I bought The Cheese Monkeys: A Novel in Two Semesters by Chip Kidd for three unrelated reasons. First, it had “monkeys” in the title, and the monkeys included in the cover illustration were cute, even if they did look a little on the sad side. Second, since I essentially grew up on college campuses as the kid of a single-parent college prof turned administrator, how could I resist “A Novel in Two Semesters”? Finally, I liked the design of the page side of the book (the side opposite the spine). Looking at it with the cover down, you can read “GOOD IS DEAD” on the edges of the pages. Looking at it with the cover up, you can read “DO YOU SEE?” on the same pages. Very cool, and it should not have surprised me that a course in graphic design played a big role in the story and the author is himself a graphic designer.
I finished this book several days ago and am still trying to decide if I liked it, not a usual reaction for me. If I like a book, I keep reading. If I don’t, I stop. I never stopped reading this one, but once I finished I felt, and still feel, very ambivalent. Parts of the story were outright hilarious, especially given my perspective of having spent many years in the company of pompous professors, lascivious lecturers, and other campus characters. The problem was, I think, that I never developed any attachment to the narrator and his leading lady, one Himillsy Dodd (accent on the “ill”). The story was set in the late 1950s, but the main characters seemed somewhat out of place and time. I so never warmed up to them that I now find myself feeling guilty for thinking, after the fact, that if the narrator had not rescued Hims (as he called her) from the drunken frat brother near the end of the term (and novel), would I have been upset? I feel guilty that there’s a part of me that thought she had it coming.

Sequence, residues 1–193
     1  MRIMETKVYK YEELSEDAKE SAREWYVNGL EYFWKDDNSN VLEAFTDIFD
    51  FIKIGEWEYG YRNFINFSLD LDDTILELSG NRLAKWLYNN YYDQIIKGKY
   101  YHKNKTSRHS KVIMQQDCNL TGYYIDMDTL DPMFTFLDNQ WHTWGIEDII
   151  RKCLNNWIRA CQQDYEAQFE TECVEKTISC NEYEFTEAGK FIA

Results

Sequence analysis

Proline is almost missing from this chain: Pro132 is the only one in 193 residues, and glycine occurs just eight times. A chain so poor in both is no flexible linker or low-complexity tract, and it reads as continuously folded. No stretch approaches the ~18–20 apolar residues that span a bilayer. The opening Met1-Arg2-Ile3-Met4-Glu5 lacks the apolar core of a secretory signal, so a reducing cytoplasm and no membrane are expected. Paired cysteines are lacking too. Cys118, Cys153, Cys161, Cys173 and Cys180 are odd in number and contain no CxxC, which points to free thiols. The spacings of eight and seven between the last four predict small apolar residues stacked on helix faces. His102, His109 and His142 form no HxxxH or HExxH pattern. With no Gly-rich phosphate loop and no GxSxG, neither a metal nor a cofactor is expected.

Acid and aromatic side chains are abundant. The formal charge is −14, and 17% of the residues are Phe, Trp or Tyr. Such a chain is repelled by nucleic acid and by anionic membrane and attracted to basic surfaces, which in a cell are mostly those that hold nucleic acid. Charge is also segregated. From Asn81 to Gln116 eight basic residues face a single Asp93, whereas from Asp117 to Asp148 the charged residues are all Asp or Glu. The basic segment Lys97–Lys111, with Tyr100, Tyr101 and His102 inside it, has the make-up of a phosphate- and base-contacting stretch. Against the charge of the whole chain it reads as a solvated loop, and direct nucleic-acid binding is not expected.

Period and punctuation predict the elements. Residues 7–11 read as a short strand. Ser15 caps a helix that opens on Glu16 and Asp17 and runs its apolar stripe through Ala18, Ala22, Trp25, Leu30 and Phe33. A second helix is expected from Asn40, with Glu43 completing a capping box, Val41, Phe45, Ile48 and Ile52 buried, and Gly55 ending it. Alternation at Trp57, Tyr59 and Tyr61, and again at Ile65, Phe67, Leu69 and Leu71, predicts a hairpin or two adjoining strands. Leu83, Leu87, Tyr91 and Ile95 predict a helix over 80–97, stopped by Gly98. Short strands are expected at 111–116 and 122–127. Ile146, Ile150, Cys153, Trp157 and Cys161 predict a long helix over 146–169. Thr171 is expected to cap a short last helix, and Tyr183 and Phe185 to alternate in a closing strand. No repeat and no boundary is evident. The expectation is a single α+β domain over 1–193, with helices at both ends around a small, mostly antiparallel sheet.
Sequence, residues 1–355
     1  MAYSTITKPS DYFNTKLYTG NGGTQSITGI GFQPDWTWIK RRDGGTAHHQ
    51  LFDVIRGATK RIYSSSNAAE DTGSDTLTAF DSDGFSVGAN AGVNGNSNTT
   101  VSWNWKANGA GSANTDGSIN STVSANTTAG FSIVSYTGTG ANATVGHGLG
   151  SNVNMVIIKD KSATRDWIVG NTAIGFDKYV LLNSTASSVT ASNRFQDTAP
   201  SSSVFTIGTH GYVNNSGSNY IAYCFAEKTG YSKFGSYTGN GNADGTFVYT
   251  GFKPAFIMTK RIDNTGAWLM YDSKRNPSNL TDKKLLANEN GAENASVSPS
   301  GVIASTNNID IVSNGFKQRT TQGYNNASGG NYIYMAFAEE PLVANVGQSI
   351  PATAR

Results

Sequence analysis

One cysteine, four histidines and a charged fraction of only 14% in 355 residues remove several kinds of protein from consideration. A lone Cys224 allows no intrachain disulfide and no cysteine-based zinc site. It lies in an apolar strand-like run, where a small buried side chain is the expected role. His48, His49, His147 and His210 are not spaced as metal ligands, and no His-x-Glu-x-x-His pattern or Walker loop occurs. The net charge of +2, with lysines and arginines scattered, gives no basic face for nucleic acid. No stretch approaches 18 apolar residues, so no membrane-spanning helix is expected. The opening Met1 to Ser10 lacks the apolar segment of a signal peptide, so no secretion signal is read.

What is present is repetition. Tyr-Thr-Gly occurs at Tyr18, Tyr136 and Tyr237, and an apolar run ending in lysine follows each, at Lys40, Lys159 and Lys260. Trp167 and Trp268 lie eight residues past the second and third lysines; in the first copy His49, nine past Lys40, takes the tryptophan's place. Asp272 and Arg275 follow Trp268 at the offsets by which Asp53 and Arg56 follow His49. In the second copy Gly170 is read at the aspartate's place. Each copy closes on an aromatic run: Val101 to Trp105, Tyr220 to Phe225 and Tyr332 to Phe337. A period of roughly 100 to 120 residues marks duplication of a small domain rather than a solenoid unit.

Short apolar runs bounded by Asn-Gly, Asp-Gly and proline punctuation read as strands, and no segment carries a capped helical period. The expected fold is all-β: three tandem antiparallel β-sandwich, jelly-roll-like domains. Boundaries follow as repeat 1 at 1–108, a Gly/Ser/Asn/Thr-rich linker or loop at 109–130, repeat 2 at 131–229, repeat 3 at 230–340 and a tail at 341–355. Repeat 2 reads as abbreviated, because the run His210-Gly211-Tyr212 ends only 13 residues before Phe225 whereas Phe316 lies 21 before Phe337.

Quality Rating (on Annie’s 10-point scale): 5, because I still sort of feel as if maybe I should have liked it more even though I really didn’t.
Audience Rating: Definitely for mature audiences. Though there’s nothing in the description on the back of the book or in the front pages that would so indicate, there’s material here that I would not have wanted my kids to read before they were, say, college age, or at least late high school.